The new modality of the game in chess was given several  names abroad.  Thus,  we  see  contemptuous  terms as:   "alla rabiosa"  in  the Italian translation and of  "dame enragée”  in the French translation. In Spain we  see  a neutral term:  "Axedrez  de la dama".   Motive by  which we  also believe  that France as  well  as Italy cannot be the country of origin of  this  new  type of chess.  Other historians asked  themselves how it was possible that this  peculiarity of the game could  be introduced and maintained in all the European countries.This is not so difficult  to explain  if  we take into account the fact  that in 1492 Spain banished  some 250.000 Jews from its land,   who were distributed all  over  Europe  with  all  its  political   and economic influence.  Furthermore,  the  Spanish king Carlos V spent more  time away from Spain than within its boundaries in function of the defence  of  the  Spanish hegemony in Europe.

The  new "powerful" dama of the chess game would have much to do with the invention of  draughts and with the use of this new piece.  To such effect  we have chronologically treated   in  this work the bibliographical texts, whose commentaries  are mostly translated into  Dutch.   The original texts are  basically Spanish,  though we have not forgotten to  mention the most notable foreign books in Latin, German, English, French, Italian and Dutch.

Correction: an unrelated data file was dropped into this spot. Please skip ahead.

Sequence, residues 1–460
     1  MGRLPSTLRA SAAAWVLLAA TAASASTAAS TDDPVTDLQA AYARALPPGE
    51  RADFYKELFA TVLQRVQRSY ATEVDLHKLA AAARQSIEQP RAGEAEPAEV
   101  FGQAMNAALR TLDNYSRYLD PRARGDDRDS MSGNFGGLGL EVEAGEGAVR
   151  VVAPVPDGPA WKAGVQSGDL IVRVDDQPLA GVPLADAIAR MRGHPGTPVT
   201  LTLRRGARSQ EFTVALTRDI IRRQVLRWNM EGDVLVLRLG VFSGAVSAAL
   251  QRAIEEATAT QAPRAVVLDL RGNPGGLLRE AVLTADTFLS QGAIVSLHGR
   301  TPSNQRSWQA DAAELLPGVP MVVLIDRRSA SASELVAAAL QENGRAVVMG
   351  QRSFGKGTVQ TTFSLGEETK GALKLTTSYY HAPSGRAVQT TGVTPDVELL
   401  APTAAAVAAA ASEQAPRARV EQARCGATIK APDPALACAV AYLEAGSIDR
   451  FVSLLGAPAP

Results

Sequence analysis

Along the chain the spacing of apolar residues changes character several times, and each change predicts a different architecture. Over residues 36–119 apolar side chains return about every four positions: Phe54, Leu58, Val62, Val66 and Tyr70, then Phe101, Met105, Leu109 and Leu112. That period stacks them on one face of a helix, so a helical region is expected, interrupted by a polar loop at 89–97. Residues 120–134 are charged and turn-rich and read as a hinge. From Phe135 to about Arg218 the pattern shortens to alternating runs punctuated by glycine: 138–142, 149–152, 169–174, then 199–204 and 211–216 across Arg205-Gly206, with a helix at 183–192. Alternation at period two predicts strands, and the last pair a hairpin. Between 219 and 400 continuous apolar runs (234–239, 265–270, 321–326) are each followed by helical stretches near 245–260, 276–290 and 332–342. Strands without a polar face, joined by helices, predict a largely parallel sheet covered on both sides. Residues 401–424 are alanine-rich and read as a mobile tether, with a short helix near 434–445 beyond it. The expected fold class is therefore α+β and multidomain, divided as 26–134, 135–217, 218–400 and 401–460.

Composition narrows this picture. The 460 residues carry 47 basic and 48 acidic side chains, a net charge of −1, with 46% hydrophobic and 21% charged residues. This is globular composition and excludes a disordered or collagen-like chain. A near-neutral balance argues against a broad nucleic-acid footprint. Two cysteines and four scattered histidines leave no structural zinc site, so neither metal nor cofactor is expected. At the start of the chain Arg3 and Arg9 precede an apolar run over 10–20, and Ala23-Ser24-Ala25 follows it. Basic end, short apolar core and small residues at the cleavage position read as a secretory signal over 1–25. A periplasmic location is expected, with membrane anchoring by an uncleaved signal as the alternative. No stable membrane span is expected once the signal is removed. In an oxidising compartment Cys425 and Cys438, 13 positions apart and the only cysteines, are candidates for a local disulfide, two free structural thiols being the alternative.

The  first chapter deals with ancient Egyptian  games,  since they were considered erroneously  by some scholars  as precursors of the dama.  In the same chapter reference is made to the “Ludus Latrunculorum" game, that was taken  by  Thomas  Hyde  as antecedent of the  draughts-game. Below are   described  similar  games  to  the now  disappeared   "Ludus  Latrunculorum", some of   those  which still exist. Chapter  two  describes  a board game with squares (alternatively white and yellow?) the "Jaldeta", that was forbidden in  the XIII century and  was no longer practised around the end  of  the XV century. In  chapter  three we see ourselves in the Spain  of  the XV century, being able to observe the general influence of the Queen  "Isabel la Católica”. We discuss the  expulsion  of  the  Jews  and  the conversion of the Moors to the catholic religion.   It was between 1474 and 1492 when the new powerful dama was developed and this time it can be considered as a dormant stage.The  definitive beginning originated in 1492 when the queen was at the height of her reign :   1.   Conquest of  the Morish outpost “Granada”; 2. Discovery of America;   3.  Expulsion of the Jews;  4.  Loss of power of the nobility due to the administrative reforms.